In 2007, nearly 84 million people on average watched CSI: Crime Scene Investigation. Most of us would have no idea what types of crimes were out there if it weren’t for crime dramas. We never understood the creative ways serial murderers committed crime until “Dexter.” We never appreciated how gruesome a crime scene looked after a murder until “Law & Order: Criminal Intent.” Watching crime dramas on television may be impacting you more than you think. A recent study showed the effects these types of television programs have on people, and how they change their perspective of the criminal justice system. Overall, people who watched crime programs had a greater fear of crime in their neighborhoods. They also had less faith in their police departments and were generally more in support of the death penalty.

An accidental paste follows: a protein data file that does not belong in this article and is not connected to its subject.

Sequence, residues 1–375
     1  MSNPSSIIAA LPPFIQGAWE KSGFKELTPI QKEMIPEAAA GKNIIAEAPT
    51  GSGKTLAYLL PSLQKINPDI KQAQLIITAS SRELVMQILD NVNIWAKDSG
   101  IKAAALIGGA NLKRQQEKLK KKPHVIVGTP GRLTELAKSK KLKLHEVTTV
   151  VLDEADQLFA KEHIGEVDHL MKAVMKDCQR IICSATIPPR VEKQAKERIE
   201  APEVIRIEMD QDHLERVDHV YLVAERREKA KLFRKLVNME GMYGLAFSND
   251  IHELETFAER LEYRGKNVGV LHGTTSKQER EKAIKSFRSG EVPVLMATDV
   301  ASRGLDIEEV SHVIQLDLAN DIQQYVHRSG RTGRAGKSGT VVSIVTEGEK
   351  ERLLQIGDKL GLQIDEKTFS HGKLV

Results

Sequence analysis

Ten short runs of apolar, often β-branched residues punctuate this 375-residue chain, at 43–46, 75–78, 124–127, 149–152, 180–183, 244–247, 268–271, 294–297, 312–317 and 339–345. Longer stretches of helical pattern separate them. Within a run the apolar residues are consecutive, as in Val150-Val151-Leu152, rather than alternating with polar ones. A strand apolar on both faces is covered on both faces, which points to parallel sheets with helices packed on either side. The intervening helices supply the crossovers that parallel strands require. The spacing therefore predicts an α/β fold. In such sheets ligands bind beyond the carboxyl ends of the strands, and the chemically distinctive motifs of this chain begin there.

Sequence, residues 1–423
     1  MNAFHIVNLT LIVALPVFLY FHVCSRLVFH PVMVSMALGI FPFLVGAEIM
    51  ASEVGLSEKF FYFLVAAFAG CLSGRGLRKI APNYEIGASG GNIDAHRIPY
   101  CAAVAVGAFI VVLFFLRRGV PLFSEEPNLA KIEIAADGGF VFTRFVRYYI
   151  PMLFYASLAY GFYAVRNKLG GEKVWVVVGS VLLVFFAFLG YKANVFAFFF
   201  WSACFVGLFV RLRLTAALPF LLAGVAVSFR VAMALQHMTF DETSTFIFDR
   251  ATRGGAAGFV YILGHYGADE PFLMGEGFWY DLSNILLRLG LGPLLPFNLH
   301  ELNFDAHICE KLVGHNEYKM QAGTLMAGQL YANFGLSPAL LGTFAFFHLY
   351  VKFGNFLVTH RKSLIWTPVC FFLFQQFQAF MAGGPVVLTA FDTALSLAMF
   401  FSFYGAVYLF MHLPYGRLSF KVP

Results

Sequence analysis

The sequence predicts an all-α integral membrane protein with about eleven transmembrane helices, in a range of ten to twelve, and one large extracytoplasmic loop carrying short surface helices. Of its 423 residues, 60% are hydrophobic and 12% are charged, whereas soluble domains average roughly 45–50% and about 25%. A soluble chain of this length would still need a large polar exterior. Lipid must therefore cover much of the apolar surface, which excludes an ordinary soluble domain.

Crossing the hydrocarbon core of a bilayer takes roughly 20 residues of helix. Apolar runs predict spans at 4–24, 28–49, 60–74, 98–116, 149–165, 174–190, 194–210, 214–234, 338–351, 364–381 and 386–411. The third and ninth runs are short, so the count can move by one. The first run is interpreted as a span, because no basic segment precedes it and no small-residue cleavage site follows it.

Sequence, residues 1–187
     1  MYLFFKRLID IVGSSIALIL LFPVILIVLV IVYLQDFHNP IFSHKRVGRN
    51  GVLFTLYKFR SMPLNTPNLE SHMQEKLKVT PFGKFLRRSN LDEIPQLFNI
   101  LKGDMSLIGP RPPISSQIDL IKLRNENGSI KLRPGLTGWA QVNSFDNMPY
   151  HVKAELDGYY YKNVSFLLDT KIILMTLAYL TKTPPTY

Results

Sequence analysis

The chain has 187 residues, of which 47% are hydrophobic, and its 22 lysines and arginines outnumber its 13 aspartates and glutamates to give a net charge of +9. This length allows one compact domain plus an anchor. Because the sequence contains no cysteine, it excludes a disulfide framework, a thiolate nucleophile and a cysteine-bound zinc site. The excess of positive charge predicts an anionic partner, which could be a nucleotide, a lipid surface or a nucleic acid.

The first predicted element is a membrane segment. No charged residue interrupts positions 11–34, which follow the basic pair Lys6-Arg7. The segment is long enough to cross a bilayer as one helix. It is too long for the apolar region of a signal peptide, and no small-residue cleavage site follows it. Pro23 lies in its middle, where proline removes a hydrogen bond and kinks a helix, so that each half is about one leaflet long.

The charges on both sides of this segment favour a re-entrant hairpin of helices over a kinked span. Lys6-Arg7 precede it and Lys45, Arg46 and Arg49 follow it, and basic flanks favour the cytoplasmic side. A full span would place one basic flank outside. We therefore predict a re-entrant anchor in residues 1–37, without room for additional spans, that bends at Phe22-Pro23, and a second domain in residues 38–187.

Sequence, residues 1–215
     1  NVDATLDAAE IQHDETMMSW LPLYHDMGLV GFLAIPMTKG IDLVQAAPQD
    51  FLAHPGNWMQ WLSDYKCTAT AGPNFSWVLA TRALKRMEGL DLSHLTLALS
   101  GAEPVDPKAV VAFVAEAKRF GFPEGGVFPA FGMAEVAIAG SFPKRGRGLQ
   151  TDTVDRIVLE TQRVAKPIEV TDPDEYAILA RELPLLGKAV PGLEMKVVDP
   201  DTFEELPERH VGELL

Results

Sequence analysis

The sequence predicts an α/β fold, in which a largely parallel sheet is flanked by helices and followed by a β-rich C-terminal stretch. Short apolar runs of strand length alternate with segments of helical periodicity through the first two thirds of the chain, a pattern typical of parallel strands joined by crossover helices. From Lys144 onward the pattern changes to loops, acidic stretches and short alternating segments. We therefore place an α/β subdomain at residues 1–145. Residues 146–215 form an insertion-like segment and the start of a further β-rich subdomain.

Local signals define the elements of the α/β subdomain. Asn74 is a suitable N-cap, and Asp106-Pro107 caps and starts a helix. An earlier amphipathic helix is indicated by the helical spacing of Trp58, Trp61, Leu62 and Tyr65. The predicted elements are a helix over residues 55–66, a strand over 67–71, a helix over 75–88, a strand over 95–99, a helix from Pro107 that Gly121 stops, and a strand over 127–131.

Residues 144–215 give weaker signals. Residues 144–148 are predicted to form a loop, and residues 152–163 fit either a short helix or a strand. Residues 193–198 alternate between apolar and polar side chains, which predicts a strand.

It’s like when watching a horror film and being worried about a zombie attack afterward. Or when you watch an old Bruce Lee film and think you can take on a street gang on your own despite never taking a karate class in your life. Television dramas have a bigger psychological impact on us than we would like to admit. The crime dramas can change your mental outlook when you realize how easy it can be to commit a crime.
So do you find yourself a little terrified and concerned after watching “CSI: Miami”? It could be a blessing in disguise. If we were to turn off the TV every once in a while, it may help quiet your mind. If neighborhood safety is a major concern, you could start a neighborhood watch group. If you’re worried about assault or robbery at night, travel with a buddy. To quote Batman, “Criminals are a superstitious and cowardly lot,” and you can always take solace in the fact that criminals are usually brought to justice by the close of each episode — unless it’s a season-long cliffhanger.